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Unusual means of detecting cancer early show great promise

Sniff and spit tests show promise

Tuesday, January 06, 2009

Angela Townsend

Plain Dealer Reporter

The start of a new year symbolizes beginnings, resolutions and, for researchers across the country, one step closer to finishing work that could change the way we fight cancer.

Although years away from hitting the market -- all must stand up to much larger studies and approval from the Food and Drug Administration -- the following tests show great promise in the quest for early detection of some of the most deadly cancers around.

The sniff test

Dr. Peter Mazzone imagines a day when patients suspected of having lung cancer will be able to skip having a biopsy -- an effective but risky procedure -- or a PET scan, an expensive imaging test.


For several years, Mazzone, a pulmonologist with the Cleveland Clinic, has been working on perfecting his version of an "electronic nose."

Here's how the nose works: A person breathes into the machine for about five minutes, activating a small sensor. A miniature camera inside takes pictures of the sensor, which changes color. The camera sends the photos to a computer that is hooked up to the machine. The computer stores the images and analyzes the color changes for distinctive patterns.

Mazzone is now studying how the sensor picks up different compounds in a person's breath, whether or not a distinct color pattern occurs when compounds containing cancerous cells are present, and if the "nose" can sniff them out.

An earlier configuration of the "electronic nose" device was the size of a large copying machine that nearly filled a small office. On Dec. 1, Mazzone began using the newer, smaller version to test patients. He hopes to observe 1,000 patients before moving on to the next phase of the study.

Mazzone sees great potential in the nose, either to help identify people at high risk of developing lung cancer, or to catch the cancer early, in its most treatable form, before any noticeable symptoms appear.

"Everybody breathes anyway, so nobody seems to mind taking this," Mazzone said.

The blood test

Preliminary research led by Dr. David Cohn and Dr. Kimberly Resnick, gynecologic oncologists at Ohio State University, may pave the way for an effective new way to screen for ovarian cancer.

Cohn and Resnick designed a blood test to find the presence of microRNAs, molecules that help regulate the proteins made by cells.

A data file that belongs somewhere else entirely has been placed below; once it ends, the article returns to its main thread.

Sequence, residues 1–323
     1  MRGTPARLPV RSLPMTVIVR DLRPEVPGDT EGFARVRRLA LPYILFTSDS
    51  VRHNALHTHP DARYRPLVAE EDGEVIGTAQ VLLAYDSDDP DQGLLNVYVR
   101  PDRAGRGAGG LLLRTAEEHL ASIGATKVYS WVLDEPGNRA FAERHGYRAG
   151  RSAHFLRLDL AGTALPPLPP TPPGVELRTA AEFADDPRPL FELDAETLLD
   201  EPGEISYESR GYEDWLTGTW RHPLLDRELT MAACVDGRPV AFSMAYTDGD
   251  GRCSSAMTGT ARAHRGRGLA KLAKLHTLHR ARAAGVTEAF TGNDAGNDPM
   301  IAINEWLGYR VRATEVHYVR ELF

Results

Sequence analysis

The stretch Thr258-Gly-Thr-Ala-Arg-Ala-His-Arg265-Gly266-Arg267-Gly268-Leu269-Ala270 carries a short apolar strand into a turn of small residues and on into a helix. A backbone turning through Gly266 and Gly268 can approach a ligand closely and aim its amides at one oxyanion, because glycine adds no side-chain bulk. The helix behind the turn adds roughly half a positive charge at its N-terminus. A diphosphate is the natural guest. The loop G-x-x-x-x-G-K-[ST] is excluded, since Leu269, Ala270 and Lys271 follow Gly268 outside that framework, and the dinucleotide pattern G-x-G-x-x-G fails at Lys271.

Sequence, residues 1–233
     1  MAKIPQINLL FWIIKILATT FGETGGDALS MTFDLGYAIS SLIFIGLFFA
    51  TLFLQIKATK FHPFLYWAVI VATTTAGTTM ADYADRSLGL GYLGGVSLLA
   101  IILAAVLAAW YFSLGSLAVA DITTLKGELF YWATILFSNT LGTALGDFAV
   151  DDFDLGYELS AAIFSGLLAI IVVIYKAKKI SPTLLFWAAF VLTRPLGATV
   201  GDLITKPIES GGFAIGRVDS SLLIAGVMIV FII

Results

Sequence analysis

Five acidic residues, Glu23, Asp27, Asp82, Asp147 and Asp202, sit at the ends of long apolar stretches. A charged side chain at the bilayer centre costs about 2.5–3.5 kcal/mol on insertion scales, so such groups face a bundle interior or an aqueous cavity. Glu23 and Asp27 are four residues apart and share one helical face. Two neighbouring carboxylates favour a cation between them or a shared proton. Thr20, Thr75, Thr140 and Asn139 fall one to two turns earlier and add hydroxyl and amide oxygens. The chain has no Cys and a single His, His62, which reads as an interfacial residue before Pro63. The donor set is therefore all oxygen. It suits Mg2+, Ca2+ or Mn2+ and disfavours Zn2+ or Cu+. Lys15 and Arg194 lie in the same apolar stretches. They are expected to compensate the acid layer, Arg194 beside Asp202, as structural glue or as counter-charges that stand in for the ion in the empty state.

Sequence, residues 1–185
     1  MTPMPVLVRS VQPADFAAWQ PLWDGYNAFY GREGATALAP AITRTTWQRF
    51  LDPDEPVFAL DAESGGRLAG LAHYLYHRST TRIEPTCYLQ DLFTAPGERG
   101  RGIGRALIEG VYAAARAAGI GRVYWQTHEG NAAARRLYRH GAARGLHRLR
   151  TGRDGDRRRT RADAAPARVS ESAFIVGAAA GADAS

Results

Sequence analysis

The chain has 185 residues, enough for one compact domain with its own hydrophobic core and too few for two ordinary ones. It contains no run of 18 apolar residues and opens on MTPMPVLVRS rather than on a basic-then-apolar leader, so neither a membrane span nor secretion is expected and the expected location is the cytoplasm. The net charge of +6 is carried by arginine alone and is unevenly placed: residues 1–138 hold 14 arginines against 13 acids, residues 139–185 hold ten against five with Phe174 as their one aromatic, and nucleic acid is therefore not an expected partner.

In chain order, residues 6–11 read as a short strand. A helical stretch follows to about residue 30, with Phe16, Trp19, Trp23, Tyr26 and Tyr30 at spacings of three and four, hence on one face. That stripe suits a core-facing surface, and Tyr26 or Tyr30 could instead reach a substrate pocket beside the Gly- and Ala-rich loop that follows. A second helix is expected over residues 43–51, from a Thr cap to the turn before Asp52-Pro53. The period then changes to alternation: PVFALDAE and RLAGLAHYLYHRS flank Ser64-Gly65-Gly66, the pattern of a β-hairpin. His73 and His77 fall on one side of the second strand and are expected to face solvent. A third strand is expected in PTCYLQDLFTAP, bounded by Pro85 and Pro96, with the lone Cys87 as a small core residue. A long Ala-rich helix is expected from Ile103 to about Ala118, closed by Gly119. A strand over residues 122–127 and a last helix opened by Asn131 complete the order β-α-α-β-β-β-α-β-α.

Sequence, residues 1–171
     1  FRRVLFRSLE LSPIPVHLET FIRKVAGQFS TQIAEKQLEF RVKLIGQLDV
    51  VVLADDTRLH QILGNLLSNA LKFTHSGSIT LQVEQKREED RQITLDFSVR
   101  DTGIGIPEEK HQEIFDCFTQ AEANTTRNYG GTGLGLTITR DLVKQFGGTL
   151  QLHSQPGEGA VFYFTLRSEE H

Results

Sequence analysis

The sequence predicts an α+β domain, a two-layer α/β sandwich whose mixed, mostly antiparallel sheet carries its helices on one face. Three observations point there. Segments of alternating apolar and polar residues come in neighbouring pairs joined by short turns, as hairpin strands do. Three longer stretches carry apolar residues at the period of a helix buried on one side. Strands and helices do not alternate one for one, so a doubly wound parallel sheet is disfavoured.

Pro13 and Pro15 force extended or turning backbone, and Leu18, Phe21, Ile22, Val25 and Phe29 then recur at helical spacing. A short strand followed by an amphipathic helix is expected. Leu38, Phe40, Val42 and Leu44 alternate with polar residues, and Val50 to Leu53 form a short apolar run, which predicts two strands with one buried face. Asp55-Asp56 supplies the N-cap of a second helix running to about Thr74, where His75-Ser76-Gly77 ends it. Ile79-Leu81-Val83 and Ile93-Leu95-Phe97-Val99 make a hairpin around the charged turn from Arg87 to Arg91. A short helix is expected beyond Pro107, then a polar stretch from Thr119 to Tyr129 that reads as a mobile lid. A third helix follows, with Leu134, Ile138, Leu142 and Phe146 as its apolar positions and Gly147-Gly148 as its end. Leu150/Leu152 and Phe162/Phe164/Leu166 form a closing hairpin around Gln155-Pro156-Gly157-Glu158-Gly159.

No one thought much of miRNAs being useful for anything. "In the basic sense, miRNAs were previously thought to be junk," Cohn said.

But that changed after Dr. Carlo M. Croce, director of human cancer genetics at OSU, did some breakthrough work on the subject.


Cohn and Resnick used Croce's research to prove that it's possible to find microRNAs in the blood of women with ovarian cancer. Their blood looks much different from what is found in cancer-free women.

The findings are published in the journal Gynecologic Oncology.

Cohn and Resnick will continue their research this year by studying a larger population to get more significant results. They also have applied with Croce for a patent to develop the blood test.

If created, the test would be a huge improvement over the current CA-125 blood test, which is used mostly to detect recurrent ovarian cancer and is not always accurate.

The cure rate of women with ovarian cancer plunges drastically from 90 percent at stage one to 25 percent after that.

"Unfortunately, the symptoms are not easy to spot," Resnick said. They often include bloating, abdominal pain and frequent or urgent urination, symptoms so common that "everyone on this planet has at one time or another had them," she said.

The potential for a new blood test is enormous, Cohn said. "Whatever we can do to help decrease suffering is very exciting."

In January 2008, the journal Cancer Investigation published research on a test for breast cancer that looks at specific proteins found in saliva for evidence of cancerous tumors in the breast.

A year later, researchers are about to begin collecting 300 more spit samples for the next round of studies, which should wrap up by December, said Dr. Charles Streckfus, a professor of diagnostic sciences at the University of Texas Dental Branch at Houston.

Breast cancer triggers a change in the type and amount of proteins that are in a woman's saliva.


"The way I envision it, we would have doctors out in the field with a test that would help you identify which women need mammography," said Streckfus, who said the application could be an especially promising one in developing countries with scarce medical resources. "The results would be immediate."

Streckfus, a dentist, is working with three oncologists from the MD Anderson Cancer Center in Houston to design the upcoming clinical trial.

"Thinking out of the box is what it's going to take to win the war against cancer," he said. "Let's turn every rock over and let's see what's underneath it," he said.

At Johns Hopkins University in Baltimore, researchers are preparing a paper showing that the use of a mouthwashlike rinse can help predict who is at a high risk for recurring head and neck cancer. It will build on work published in the January 2008 issue of Clinical Cancer Research.

Research for genetic markers typically takes less time than drug research because fewer patients are needed for studies. Because of that, something could be on the market in a few years if a company shows interest in wanting to develop a product, said lead investigator Dr. Joseph Califano, a head and neck oncologist at Johns Hopkins.

"We may have a test that tells us who is going to have their cancer recur and where - and that actually is important," Califano said of the mouth rinse.

To reach this Plain Dealer reporter:

atownsend@plaind.com, 216-999-3894

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